IP Monitor - Under pressure: Federal Court finds “hot refuelling” system patent valid and infringed in connection with well-site fracking equipment

The Federal Court awarded accounting of profits and pre-grant compensation for valid and infringed claims of a patent for hot refuelling of fracking equipment, but declined to award punitive damages.

Frac Shack Inc. v AFD Petroleum Ltd. concerned the infringement and validity of claims for a hydraulic fracturing (fracking) equipment refuelling system in the Frac Shack plaintiffs’ Canadian Patent No. 2,693,567 (the ’567 Patent). Writing for the Federal Court, Mr. Justice Manson rejected the defendant’s argument that the claims of the ’567 Patent were invalid for insufficiency or obviousness, but agreed that some of the claims were broader than the invention made and disclosed. The court found that a number of the valid claims were infringed by the defendant’s competing product and allowed the plaintiffs’ election for an accounting of profits, but rejected their claim for punitive damages.

The problem and solution addressed by the ’567 Patent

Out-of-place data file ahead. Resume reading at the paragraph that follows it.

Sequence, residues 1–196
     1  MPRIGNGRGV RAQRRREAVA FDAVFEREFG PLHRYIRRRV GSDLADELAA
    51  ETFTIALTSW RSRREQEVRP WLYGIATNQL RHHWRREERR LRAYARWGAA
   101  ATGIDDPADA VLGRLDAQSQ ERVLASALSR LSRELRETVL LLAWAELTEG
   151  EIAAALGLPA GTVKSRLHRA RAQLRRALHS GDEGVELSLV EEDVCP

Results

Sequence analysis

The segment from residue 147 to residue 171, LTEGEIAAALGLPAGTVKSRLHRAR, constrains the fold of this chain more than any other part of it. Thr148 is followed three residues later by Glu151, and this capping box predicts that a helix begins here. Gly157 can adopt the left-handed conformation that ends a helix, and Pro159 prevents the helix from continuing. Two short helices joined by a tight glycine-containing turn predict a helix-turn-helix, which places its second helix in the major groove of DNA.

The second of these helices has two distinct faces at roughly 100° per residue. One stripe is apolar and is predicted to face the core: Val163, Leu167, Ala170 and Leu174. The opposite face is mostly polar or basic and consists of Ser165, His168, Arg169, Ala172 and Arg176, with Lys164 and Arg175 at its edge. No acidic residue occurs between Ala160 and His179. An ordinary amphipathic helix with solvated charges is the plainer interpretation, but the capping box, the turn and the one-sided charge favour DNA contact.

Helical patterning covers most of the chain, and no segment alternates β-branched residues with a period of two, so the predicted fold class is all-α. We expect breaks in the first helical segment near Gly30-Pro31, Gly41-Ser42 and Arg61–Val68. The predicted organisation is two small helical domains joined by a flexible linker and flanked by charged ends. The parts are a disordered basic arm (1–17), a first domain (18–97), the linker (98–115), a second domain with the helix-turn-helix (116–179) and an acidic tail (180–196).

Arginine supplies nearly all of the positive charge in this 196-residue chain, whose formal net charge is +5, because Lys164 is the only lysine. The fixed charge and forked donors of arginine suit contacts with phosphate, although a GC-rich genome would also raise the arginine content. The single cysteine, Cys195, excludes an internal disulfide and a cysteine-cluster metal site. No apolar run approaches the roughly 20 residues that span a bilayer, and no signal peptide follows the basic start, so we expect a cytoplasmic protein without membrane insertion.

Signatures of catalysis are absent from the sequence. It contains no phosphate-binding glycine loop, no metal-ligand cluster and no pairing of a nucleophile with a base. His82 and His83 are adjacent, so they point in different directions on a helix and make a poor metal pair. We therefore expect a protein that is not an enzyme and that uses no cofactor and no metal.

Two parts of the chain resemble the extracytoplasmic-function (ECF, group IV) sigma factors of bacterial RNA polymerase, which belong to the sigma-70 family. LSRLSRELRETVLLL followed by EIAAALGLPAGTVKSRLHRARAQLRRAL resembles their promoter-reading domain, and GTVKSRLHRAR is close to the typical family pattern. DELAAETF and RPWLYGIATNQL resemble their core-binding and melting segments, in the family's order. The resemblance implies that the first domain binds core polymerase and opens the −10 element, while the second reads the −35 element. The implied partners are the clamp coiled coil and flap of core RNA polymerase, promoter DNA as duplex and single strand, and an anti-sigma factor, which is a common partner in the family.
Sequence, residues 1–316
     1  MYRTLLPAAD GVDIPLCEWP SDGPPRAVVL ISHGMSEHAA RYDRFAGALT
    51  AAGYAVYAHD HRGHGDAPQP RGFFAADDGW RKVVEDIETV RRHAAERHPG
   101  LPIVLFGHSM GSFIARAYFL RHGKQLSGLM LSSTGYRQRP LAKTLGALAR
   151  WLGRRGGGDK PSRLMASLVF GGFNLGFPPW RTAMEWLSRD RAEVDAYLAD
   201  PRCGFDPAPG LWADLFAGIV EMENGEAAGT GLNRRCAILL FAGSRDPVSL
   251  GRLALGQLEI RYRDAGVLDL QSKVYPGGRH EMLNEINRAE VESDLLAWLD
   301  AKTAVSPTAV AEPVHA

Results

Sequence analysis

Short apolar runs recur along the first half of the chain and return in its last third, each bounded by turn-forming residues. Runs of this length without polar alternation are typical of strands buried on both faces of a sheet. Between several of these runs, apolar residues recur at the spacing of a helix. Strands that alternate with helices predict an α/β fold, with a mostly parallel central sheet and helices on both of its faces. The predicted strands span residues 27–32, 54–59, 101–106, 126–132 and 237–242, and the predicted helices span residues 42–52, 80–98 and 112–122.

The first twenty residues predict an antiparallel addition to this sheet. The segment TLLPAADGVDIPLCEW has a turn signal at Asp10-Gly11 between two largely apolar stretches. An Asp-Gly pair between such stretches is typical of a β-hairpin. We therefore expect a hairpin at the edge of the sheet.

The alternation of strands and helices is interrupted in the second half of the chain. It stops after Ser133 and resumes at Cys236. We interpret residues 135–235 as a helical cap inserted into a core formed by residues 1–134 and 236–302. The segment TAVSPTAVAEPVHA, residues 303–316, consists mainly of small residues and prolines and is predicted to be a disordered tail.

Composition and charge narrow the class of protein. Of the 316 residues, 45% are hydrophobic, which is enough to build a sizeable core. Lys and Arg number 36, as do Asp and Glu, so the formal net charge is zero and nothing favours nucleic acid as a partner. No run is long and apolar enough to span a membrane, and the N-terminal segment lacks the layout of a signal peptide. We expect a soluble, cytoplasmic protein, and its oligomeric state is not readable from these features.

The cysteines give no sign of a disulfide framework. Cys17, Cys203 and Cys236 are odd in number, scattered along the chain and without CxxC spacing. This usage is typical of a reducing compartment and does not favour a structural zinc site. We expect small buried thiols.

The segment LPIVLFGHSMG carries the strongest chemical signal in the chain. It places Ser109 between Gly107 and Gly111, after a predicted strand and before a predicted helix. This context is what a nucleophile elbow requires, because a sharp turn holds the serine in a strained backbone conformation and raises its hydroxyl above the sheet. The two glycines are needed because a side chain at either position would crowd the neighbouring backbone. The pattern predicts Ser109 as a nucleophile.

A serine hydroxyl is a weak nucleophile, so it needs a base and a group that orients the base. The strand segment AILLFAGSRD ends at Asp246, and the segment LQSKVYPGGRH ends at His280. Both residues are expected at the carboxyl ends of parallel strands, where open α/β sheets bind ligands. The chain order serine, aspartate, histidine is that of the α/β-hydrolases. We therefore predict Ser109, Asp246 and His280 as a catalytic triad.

The invention of the ’567 Patent was addressed to an operational problem experienced in the fracking business: the need to run equipment at the well site for the extended periods of time sometimes required to complete the fracture treatment. In some cases, this equipment was needed for longer than the onboard fuel supplies would last and when this occurred, well-site personnel were required to engage in “manual hot refuelling” whilst the equipment was running. This practice was considered personally and environmentally dangerous for many reasons.

The invention of the ’567 Patent was a system and method intended to replace manual hot refuelling with parallel and independent delivery of fuel to individual fuel tanks from a remote and semi-permanent, centrally controlled source. The court’s analysis of the validity issues in the case was closely tied to its conception of the invention as a solution to this particular problem.

Validity issues: insufficiency, overbreadth, and obviousness